Sent forth from the mountain of Protestantia evangelica, I have checked the other mountains of Ecclesia. Time to report back.
Sunday, May 31, 2009
Angel of Wrath 2: Problems
Unfortunately, the problems in Bill Myers'Angel of Wrath are legion.
Wallowing. I've found that there is a feel to most thrillers that's troubling, and this story follows that trend. It's as though the writer revels in the violence, fear, and death, and that's just wrong. The focus here seemed thoroughly negative. No doubt there's some kind of amazing epiphany later, but I don't think it's possible to go negative for two-thirds of the story and suddenly reverse the effect on the reader in probably well under one-third.
Holier Than They. Also, there's a kind of sanctimony involved here, and it's a bit misplaced at times. For example, there's an undercurrent of glee in the sinful churchgoers getting theirs. Now, most of the victims have some kind of moral or ethical problem--put more bluntly, they are sinning in some fashion explicitly condemned in Scripture. (Some might argue about the abortionist, but I think even many "pro-choice" people will admit that there's an understandable problem.) But there is an odd man out--supposedly a false teacher. While I am not an evolutionist, I don't see that an evolutionist would necessarily be a false teacher from a Biblical standpoint. His teaching is in a secular context (as a high-school teacher), not in the context of teaching Scripture or doctrine. The remarks about evolutionary racism are also ill-considered. While some racists have justified their views through evolution, some have used the Bible for the same purpose. Christians shouldn't engage in strawman tactics.
Evil Christians! I can understand wanting to avoid an unnecessarily rosy portrayal of Christians, but here Christians actually seem more evil than others. The pastor is more concerned with image than with God. His father (also a pastor once) sexually abused his own daughter. Then there are the aforementioned Sinners In The Hands Of An Angry Psycho. I guess it wouldn't bother me so much if there were a counter-balance--an opposing view that would relieve the bleakness. The closest thing is the Praise-and-Worship geek, and since she's an unbiblical pop-theology construct, that's no great comfort.
Fairness Doctrine. The author gives more time to some bad theology than I'm comfortable with. There's a bit more detail on Black Mass than is necessary--I know kids can find out that sort of thing on Wikipedia, but we shouldn't do the lookups for them. A fair amount of the bad stuff is imitable, and the Coolness Factor of reproducing some of it will far outweigh the clearly fictional consequences.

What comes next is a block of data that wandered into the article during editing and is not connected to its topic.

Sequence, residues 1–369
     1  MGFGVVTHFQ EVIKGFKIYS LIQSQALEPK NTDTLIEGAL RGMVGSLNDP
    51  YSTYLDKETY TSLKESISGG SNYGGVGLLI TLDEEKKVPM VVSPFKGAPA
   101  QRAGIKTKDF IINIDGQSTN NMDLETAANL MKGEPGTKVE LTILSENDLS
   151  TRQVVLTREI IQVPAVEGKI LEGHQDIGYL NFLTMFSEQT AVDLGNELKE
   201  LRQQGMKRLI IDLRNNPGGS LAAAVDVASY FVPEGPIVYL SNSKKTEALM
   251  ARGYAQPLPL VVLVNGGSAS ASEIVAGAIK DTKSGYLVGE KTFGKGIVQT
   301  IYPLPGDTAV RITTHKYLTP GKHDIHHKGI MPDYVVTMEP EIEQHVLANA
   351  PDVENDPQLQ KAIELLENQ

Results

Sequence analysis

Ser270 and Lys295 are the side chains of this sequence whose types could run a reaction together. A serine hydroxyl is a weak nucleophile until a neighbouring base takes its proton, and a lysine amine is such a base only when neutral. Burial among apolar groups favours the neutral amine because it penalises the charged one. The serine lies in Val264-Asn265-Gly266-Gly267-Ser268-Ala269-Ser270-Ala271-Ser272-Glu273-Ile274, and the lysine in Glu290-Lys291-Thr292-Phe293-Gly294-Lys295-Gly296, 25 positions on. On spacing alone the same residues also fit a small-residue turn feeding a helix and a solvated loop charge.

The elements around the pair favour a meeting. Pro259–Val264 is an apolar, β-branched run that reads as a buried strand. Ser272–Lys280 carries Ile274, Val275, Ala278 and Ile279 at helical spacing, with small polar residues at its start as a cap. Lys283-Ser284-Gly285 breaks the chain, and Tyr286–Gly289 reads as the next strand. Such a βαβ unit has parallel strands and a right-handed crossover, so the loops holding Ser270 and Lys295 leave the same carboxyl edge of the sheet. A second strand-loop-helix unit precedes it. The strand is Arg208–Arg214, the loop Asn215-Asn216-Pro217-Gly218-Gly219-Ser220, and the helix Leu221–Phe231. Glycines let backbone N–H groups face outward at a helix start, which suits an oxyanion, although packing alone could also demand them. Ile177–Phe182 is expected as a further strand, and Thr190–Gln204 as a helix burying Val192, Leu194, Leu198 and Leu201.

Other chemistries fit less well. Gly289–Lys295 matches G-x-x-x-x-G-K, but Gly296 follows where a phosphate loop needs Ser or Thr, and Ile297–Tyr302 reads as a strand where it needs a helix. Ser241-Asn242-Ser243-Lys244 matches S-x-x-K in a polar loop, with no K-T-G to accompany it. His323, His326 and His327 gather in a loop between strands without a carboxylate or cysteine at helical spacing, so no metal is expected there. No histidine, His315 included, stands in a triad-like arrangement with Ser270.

We Don't Need God; We Have Physics! There's a strong tendency these days to rationalize God into some really quirky quantum phenomenon--another troubling trend this story follows. Apparently in the previous episode, a machine--a non-spiritual object--enabled people to access the Voice of God. Jazmin, a quasi-prodigy, becomes God-conscious as a result, and that enables her to pick out the Praise Geek as the Only One Who Gets What's Happening.
One of the things that bothered me was the whole business of bringing in string theory and vibrations, as though string theory is going to reduce God to a formula or phenomenon. Also, the use of the Fall of Jericho and Jehoshaphat's victory over the invading armies is inaccurate. What brought the walls down in the first case was obedience to God's command, and the fighting that followed was apparently normal. The idea that sound was involved is a back-reading of modern faith in physics. That leaves us with Jehoshaphat, where again obedience was probably the key, yet even so it's anomalous: the exception, not the rule. Normally, God expected the warriors to do their job, not stand around while the praise band did its thing.
We Don't Need No Steenkin' Prayer! While I haven't finished the story, I strongly suspect that the demon is routed by by an Amazing Praise and Worship Extravaganza. This is nonsense. Contrary to what many believe, such things don't really bother Satan. Think about it: presumably the continuous chorus of praise in Revelation has been there for some time, yet Satan still came before God in Job without apparent trouble. On a personal level, some of the worst Satanic activity I've encountered occurred in a worship setting.
This calls for a quote or two:
Cindy the Praise Geek: "What would you think if I contacted a few of the choir members and we got together?" "For prayer?" [the pastor] asked. "No, uh--" "For singing," Jaz interrupted. [small cut] "I could call them up," [Cindy] said. "The ones who wanted could meet us over at the church." "To sing," [the pastor] repeated. "To...worship, yes. And we could pray, too." (pp. 198-199, ellipses in original)
Prayer is apparently an afterthought here.
The Envelope, Please. Okay, I just checked the ending. Singing, not prayer, is the big deal. Maybe Jesus should've said, "This kind doesn't go out except by Praise and Worship." Reality check: the song in question is used by various non-Christian groups. It has no inherent power to drive out demons, and as mentioned above, praise and worship have no noticeable effect on Satan. Oh, and familial love (with repentance, yes) turns out to be strong enough to clock a demon. (And it is familial love: it is stated in precisely those terms on p. 288.) But only God's love could succeed there; human love of any kind is too weak.
Conclusion. So this winds up being a pop-theology fantasy of a dangerous kind: it encourages false views that could harm those who believe them. And the attitude issues don't help. If you don't like thinking through implications and don't care about theology, you'll probably like the book. Otherwise, skip it.